Friday, 20 July 2018

Amok by Stefan Zweig

"Once more he gave me a derisive, indeed challenging look, but I felt that it was really only in shame, endless shame."

So, last night, before I started reading this, I was watching Samantha Bee lament the possibility of Roe Vs Wade bring overturned. Now, I don't live in the U.S.A, but the erosion of a female's ability to control her life is something of the utmost concern to me as a woman. Admittedly, I'm reaching the part of my life where control over reproduction isn't so much a personal issue, yet it is a shared concern for an equal society for all.
Clearly I digress in relation to this short tale, and yet it does frame my response to it.
Here we have a Doctor riddled with guilt recounting his tale to a man on a cruise ship in the dark of night, when all good inner turmoil is best dealt with, and over a stiff drink - naturally.

The depth of guilt and concern that rocks the man, as he recounts his initial rejection of assistance to a woman seeking an abortion, and its unpleasant aftermath is interesting. Interesting particularly because a tale published in 1922 ( yes, that's right, the twenties) can still resonate today. This is a tale of shame and maintaining personal reputation over the value of life itself. A lack of choice that women were faced with for centuries and risk facing again.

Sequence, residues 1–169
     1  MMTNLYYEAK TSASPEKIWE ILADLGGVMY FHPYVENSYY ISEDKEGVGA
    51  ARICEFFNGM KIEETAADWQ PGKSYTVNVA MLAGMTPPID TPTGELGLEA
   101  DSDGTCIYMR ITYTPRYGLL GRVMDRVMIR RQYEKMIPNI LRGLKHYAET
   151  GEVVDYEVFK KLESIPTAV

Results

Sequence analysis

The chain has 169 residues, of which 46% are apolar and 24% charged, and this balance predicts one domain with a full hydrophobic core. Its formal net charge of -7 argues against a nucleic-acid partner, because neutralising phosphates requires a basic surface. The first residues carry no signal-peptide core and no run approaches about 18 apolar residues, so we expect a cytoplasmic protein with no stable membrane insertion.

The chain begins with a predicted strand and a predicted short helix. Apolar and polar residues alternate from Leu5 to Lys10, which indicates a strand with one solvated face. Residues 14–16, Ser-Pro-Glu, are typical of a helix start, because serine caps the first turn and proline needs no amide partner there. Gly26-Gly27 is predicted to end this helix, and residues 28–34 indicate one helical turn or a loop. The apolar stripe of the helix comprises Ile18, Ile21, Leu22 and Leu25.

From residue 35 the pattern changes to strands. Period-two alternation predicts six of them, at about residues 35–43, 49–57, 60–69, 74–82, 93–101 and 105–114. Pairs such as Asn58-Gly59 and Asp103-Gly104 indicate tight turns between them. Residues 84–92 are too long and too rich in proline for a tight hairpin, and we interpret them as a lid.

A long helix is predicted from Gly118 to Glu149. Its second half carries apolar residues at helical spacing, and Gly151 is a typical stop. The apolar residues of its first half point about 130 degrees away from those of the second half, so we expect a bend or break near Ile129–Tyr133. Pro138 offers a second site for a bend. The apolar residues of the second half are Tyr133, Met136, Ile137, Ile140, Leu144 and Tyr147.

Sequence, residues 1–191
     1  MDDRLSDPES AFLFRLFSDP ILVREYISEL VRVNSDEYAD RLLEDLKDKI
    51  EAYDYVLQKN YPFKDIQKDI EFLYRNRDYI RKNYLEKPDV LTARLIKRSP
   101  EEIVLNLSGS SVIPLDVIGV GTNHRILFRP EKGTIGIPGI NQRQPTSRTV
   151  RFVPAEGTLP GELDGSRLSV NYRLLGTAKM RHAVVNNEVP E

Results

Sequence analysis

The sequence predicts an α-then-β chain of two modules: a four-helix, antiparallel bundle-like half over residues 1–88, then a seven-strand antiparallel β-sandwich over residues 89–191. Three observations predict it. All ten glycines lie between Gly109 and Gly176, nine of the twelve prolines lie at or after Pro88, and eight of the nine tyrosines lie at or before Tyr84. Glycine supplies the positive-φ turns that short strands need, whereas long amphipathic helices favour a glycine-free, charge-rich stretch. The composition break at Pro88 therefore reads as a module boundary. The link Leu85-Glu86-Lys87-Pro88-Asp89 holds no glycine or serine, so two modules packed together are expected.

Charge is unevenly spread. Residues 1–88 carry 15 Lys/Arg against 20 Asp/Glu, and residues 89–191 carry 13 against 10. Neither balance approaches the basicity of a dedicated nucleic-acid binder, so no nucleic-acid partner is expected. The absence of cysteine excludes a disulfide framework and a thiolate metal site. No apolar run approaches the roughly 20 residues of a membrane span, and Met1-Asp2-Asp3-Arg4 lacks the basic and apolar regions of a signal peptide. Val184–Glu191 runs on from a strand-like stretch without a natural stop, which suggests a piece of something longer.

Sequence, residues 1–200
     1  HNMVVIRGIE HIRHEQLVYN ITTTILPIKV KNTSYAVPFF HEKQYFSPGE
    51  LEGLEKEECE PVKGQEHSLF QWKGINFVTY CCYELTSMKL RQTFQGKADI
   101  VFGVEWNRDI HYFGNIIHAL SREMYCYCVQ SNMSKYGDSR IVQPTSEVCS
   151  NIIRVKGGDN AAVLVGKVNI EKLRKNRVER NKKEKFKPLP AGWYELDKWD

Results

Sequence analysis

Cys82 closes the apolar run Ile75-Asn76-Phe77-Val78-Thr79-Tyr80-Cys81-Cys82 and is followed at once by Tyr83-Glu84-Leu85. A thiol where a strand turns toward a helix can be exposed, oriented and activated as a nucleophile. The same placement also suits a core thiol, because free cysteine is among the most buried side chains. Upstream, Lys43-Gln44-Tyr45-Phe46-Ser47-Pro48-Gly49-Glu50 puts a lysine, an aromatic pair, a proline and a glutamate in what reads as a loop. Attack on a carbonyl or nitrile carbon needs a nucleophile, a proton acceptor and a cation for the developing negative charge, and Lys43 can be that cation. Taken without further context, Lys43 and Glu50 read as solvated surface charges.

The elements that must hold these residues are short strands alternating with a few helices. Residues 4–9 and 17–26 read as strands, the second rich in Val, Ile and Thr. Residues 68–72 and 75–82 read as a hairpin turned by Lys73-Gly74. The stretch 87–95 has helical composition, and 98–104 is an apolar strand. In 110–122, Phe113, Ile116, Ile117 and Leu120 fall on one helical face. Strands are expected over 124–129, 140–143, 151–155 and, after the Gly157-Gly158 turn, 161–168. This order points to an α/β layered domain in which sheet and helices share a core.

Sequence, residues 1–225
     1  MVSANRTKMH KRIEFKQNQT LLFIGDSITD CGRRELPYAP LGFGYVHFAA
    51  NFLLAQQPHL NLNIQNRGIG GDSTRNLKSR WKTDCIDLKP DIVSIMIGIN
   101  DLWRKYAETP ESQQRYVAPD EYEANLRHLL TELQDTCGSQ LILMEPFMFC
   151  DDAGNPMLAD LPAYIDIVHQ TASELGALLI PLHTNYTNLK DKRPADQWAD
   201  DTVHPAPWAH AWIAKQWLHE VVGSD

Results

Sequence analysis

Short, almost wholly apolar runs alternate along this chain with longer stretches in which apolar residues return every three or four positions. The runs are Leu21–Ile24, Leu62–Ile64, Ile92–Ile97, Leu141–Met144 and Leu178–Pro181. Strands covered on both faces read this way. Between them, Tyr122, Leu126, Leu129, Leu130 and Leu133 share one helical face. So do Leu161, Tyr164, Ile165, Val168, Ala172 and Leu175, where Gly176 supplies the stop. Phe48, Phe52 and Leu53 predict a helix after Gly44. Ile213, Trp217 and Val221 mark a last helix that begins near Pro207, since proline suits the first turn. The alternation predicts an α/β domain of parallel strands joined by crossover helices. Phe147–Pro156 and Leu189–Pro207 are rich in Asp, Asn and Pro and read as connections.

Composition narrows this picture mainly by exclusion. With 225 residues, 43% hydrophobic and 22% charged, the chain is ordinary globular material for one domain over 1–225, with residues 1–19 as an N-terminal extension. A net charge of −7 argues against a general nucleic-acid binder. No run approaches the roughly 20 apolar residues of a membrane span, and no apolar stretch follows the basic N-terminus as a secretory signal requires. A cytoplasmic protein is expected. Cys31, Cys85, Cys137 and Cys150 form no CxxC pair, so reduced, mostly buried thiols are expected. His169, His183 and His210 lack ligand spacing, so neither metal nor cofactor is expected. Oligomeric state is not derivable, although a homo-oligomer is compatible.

Personally, I feel those "pro-life" stalwarts should question their connection with a life unrealised versus a potential loss of life for someone already living. For that is the real and horrid choice that women have faced for eons  - a definite lack of control.

The title reflects the state of mind that impacts the Doctor, somewhat out of the blue. However to "run amok" could equally apply to some of the current craziness we see in modern politics, unduly influenced by religious fervour. Zweig poses a moral quandary where compliance with the accepted "pro-life," religiously based, moral choice leads to an outcome which is the opposite of being 'for life' and clearly is against. It is an interesting illustration of the central tension.

What an amazing writer to illicit such an emotional response with such sturdy prose, decades after it was written. He displays an economy of words that transcend the circumstances of the day and retain a timeless quality that is to be applauded.

5 out of 5, strange tales are told on deck. 

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